“Maybe I can make a difference with someone who’s hurting,” he said. “I selected it and got the ball rolling. Maybe we can save one kid.”

Someone who was hurting a few months ago was Carlos Vigil, a Valencia County teen. Social media was all a-Twitter when the 17-year-old took his own life after posting a message on Twitter.

By then, it was too late. He had been a victim of bullying, it turned out.

In recent years, cyberbullying has given bullies another avenue to torment their victims.

A BYU study showed that suicide talk on Twitter mirrors state suicide rates closely enough that monitoring Twitter could prove to be an early way to determine who’s at risk.

The BYU study found that Midwestern and Southwestern states had a higher-proportion of suicide-related tweeters than expected — and New Mexico was No. 2, with Alaska at No. 1.

According to nmsuicideprevention.org, there are numerous ways to help someone suspected of pondering suicide: Reassure the person help is available and that you will help him or her get help. Say things like, “Together, I know we can figure something out to make you feel better”; “I know where we can get some help”; “I can go with you to where we can get help”; or “Let’s talk to someone who can help. … Let’s call the crisis line now.”

Also, encourage the suicidal person to identify other people in his or her life who can also help, such as a parent or other family member, friend, favorite teacher, school counselor, school nurse, religious leader or a family doctor.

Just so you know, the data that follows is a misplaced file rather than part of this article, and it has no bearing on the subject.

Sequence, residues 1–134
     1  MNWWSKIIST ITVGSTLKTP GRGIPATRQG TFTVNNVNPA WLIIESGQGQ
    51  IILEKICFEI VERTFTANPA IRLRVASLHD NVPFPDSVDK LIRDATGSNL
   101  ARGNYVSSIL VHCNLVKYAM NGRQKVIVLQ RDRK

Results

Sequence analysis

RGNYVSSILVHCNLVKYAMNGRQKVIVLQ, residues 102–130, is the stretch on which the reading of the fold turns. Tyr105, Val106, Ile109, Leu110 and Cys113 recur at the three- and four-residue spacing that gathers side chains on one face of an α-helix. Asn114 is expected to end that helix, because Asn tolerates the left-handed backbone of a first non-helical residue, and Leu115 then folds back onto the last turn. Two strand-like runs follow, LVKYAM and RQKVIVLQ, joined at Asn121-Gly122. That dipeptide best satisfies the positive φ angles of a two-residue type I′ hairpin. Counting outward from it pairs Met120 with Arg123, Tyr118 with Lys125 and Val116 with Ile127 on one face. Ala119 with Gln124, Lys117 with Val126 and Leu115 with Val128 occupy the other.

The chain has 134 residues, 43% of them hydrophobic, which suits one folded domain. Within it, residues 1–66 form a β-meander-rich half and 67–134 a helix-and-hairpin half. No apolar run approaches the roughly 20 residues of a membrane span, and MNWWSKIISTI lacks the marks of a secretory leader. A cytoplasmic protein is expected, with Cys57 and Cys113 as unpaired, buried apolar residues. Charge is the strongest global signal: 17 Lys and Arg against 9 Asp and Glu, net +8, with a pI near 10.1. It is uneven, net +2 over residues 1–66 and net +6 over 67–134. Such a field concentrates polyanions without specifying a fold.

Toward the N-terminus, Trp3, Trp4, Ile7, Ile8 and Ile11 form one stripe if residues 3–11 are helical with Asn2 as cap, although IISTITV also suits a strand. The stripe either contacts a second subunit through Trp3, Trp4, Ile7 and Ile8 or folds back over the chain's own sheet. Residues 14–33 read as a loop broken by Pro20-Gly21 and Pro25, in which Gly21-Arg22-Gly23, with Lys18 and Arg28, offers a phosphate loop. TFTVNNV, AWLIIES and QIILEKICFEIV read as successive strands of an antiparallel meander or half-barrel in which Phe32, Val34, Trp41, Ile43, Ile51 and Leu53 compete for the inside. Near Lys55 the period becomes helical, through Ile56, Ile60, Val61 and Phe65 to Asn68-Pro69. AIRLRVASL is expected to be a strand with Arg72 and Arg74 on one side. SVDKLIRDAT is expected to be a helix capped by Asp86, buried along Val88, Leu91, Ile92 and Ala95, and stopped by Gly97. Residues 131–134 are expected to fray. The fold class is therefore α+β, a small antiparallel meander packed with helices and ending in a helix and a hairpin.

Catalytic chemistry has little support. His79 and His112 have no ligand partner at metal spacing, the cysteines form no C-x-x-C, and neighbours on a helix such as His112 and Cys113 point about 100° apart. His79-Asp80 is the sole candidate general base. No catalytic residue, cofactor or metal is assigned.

Most importantly, the website advises, “If your friend won’t go for help, you tell (someone) and get help — tell someone until they listen and get support for your friend. Suicide is not a secret you can keep.”

Country music act Rascall Flatts joined forces with the Jason Foundation three years ago and was named ambassador, or celebrity spokesman. Recording public service announcements, participating in public awareness programs and fund-raising, Rascal Flatts also promotes the “B1” Project.

The “B1” Project is a nationwide effort specifically geared to educate youth and students on how to recognize when a friend might be struggling with thoughts of suicide or life in general, and how to help. The theme is “Someone you know may need a friend — B1.”

Spotted Wolf hopes to get teens attending Thursday’s big football game (Cleveland vs. Rio Rancho) at Rio Rancho Stadium to sign a B1 pledge and/or gather brochures at the information booth. At halftime, he’ll hand over a check for about $500 to the Jason Foundation.

“Lloyd has shown great initiative in his work with the Jason Foundation,” said RRHS Activities Director Bill Duncan. “I think programs like that, which combine statistics with a personal story, are an effective tool when dealing with a difficult issue like teen suicide.

“As a school, our staff is trained to be on the look-out for any potential warning signs that a student might be considering doing harm to themselves or to others,” Duncan said. “Our counseling department also conducts a suicide awareness program each year with our freshman class called Signs of Suicide.”